This is a welcome end to what was a period of uncertainty for UK investment managers brought about by the omission of dual-pricing provisions from the first version of the revised rules for collective investment schemes. Confusion over whether all funds would be compulsorily required to move to single-pricing made little sense given that singleand dual-priced funds have co-existed since 1997, when single-pricing was introduced, without significant detriment or confusion for investors. There was no reason why the two methods could not continue to operate simultaneously.Both pricing methods have advantages in terms of transparency and fairness to investors. With an estimated one-quarter of investment funds still operating dual-pricing, it would not have made sense to enforce mandatory single-pricing. Moreover, it could have cost the industry an estimated 13m, as noted by the FSA in its consultation paper. But how on earth did we find ourselves in this situation? Before single-pricing was introduced for Oeics in 1997, there was much debate about which method was better. Advocates of single-pricing focused on the fact that the UK was the only European country with dual-pricing, causing problems for those wanting to sell UK funds in other countries. They also believed simplicity was the key and that having two different pricing methods was confusing. Advocates of dual-pricing believed it was a fairer way of working out the price as it was matched more closely to the underlying value of the assets in a fund. It was also considered a better investor protection measure against dealing costs when a fund experienced big purchases or redemptions. It was decided that the newly introduced Oeic would use single-pricing. The FSA then decided not to mandate that all investment funds should be single-priced but to see what was the experience with Oeics, albeit with the expectation that there would eventually be a move to single-pricing. So we found ourselves in the position where two systems existed together for years without apparent investor detriment or confusion. The issue reared its head again in 2003, ahead of the introduction of Coll, when the FSA reviewed the rules for authorised investment funds with the intention of making them principles-based and streamlined. Unfortunately, the future of dual-pricing was not addressed. There was only provision for single-pricing. This meant all authorised investment funds would have to move to single-pricing by February 2007, when Coll became mandatory. The question for the FSA then became whether there was market failure such that single-pricing would have to be imposed. The answer was that there was none. This led the FSA to decide it was better to allow flexibility rather than recommend one method over another. The result is that fund managers are to be allowed to choose the best pricing method to meet the needs of their own investors – a victory for common sense and a good example of an inclusive and consultative approach to regulation by the FSA. Mona Patel is head of communications at the Investment Management Association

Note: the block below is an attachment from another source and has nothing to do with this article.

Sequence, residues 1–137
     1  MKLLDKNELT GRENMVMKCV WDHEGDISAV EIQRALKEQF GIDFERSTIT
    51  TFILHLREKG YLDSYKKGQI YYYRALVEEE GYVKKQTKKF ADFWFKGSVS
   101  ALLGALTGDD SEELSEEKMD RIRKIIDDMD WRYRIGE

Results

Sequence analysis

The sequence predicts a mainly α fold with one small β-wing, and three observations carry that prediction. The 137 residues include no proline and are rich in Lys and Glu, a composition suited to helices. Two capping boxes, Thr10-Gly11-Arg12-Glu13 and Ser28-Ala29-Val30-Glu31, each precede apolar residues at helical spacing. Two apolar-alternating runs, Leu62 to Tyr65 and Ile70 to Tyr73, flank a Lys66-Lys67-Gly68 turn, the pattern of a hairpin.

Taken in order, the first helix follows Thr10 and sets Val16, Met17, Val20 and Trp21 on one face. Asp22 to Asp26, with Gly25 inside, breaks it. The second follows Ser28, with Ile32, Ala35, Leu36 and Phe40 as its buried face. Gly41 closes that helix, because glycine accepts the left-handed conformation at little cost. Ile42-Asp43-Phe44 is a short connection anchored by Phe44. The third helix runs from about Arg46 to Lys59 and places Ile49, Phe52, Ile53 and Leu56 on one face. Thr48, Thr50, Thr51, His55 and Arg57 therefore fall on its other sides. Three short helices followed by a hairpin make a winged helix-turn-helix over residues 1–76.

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Those with a long memory will recall that at the start of the last parliamentary term George Osborne announced his intention to merge income tax (IT) and national insurance (NI). Headline grabbing as the initiative was, the reality of the complexities, challenges and costs of such a move resulted in this idea being kicked into the political long grass.
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